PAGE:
Europa | Europe
martes 25 de abril de 2023
Mercedes-Benz CEO will favor EVs over e-fuel combustion cars
Ola Kallenius, Mercedes-Benz CEO said e-fuel powered engines cannot meet the power efficiency and zero-emission credentials of EVs.
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Mercedes-Benz will favor «technically superior» electric motors over combustion engines powered by e-fuels, CEO Ola Kallenius told a German newspaper.

Kallenius reaffirmed the company’s plans to develop electric-only vehicle architectures.

«We already said four years ago that our new vehicle fleet across the entire value chain should become CO2-neutral in balance sheet terms by 2039,» he told the Frankfurter Allgemeine Zeitung. «That is our goal.»

Kallenius cited the advantages of EVs in power efficiency, which he called «sensationally good» and drew attention to the zero-emission factor, which said e-fuel vehicles cannot match.

«The electric car is still a young technology compared to the combustion engine,» Kallenius added. «We still see great potential for progress: the electric drive will overtake the internal combustion engine in terms of performance before the end of this decade.»

Kallenius said the automaker is still working on making ICEs fit for the new Euro 7 emissions standard, but added that by 2026, Mercedes will have reduced investment in ICEs by around 80 percent.

China will be the last market where ICEs are available and only as a plug-in hybrid variant developed in partnership with Geely.

High-end cars

Kallenius also reiterated plans to concentrate the company’s growth strategy at the high end of the market while also offering entry-level vehicles and focusing on sustainability.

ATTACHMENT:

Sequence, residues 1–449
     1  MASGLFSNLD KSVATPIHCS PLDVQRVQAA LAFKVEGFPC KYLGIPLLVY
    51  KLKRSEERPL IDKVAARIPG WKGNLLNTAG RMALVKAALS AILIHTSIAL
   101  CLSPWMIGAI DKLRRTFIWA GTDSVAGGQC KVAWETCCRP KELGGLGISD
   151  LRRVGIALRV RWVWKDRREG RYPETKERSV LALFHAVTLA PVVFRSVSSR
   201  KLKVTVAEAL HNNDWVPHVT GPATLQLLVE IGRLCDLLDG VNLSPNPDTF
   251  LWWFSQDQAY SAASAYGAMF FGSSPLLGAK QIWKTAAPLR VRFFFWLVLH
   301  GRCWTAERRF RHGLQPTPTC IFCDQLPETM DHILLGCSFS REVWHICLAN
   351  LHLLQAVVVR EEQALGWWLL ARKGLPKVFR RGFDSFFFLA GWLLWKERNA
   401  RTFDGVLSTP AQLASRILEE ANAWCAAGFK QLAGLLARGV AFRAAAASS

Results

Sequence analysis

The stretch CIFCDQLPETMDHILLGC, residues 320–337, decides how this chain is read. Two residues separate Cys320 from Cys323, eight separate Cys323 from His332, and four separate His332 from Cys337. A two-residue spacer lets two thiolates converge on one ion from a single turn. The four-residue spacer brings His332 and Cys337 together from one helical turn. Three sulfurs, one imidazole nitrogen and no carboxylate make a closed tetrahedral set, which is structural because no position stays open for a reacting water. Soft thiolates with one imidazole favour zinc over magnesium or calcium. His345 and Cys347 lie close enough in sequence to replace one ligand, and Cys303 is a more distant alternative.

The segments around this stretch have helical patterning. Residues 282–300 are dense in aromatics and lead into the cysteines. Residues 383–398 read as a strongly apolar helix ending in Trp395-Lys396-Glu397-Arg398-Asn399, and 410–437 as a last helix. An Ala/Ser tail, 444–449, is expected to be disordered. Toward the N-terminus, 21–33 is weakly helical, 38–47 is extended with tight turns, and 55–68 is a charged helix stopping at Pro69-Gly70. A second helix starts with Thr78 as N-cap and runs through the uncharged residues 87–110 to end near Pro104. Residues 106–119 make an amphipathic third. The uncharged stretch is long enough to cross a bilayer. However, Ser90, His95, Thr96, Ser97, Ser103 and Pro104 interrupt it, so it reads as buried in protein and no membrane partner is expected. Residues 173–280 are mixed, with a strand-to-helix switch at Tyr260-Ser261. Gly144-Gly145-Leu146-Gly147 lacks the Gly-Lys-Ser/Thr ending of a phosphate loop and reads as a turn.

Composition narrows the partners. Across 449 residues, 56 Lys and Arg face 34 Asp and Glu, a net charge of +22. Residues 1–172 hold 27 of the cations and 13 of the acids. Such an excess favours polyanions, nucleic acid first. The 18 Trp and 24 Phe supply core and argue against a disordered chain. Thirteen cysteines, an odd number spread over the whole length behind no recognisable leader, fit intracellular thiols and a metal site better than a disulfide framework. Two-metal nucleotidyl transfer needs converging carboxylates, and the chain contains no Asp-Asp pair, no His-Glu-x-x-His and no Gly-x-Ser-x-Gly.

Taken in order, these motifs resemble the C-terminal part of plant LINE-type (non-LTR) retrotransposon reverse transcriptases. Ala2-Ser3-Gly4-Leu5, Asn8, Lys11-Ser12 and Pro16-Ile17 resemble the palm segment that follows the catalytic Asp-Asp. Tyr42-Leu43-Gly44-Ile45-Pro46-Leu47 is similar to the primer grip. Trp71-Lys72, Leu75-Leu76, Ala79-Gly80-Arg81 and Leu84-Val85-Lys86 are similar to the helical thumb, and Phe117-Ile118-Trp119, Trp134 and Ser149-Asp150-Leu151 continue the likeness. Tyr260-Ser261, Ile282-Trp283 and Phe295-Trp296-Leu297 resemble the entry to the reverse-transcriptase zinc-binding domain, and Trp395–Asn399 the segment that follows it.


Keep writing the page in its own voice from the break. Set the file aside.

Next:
«The new technology we are developing for our luxury models to ensure ecological sustainability will also be used in other cars at some point in the future,» he told the paper. «And do not forget that our cars last longer. That is also a contribution to sustainability.»

When asked about the recent price cut Mercedes made to its electric flagship EQS in China, Kallenius noted the price was higher than in other markets to begin with. «We were a bit too optimistic there,» he said. «Now we have adjusted the price accordingly.»

Charging challenges

Kallenius said the switch to electric cars is coming faster than expected, but added charging infrastructure and sufficient supplies of green electricity were still required.

«The charging infrastructure must be expanded as quickly as possible, and we must do everything we can to promote the generation of green electricity,» he said. «We will take care of the product–the electric vehicles.»

He pointed to an additional critical element for which a strategy is needed–raw materials in general and lithium in particular, calling it «the new petroleum.»

«Building capacity in lithium mining and processing is a gigantic industrial undertaking,» he said. «These raw materials will not all be mined in Europe. For that, we need trade agreements with Canada, South America and Australia. That is where government support is needed.»

When asked about Mercedes’ «modest» stock market value despite record profits, Kallenius defended the company, noting the capital market is watching to see if the automaker will manage the transformation to electric cars while maintaining its profitability and financial strength.

«Mercedes does not get a start-up bonus from the stock market, even though we are actually a start-up, just one that is 137 years old,» he said. «We need staying power and have to implement our strategy step by step. We are in the decade of transformation. Mercedes has to prove itself.»

When it was pointed out to him that Porsche is also an established automaker and yet a star on the stock market, Kallenius simply offered his congratulations to the company and noted if you can achieve higher profit margins as a luxury manufacturer, then you achieve higher valuations on the stock market.

«Mercedes and Porsche are not directly comparable, of course, because we are bigger,» he added. «But we are more likely to go up than down in the market with our products. Mercedes has always done well when we have built good cars. That is what our strategy is based on.»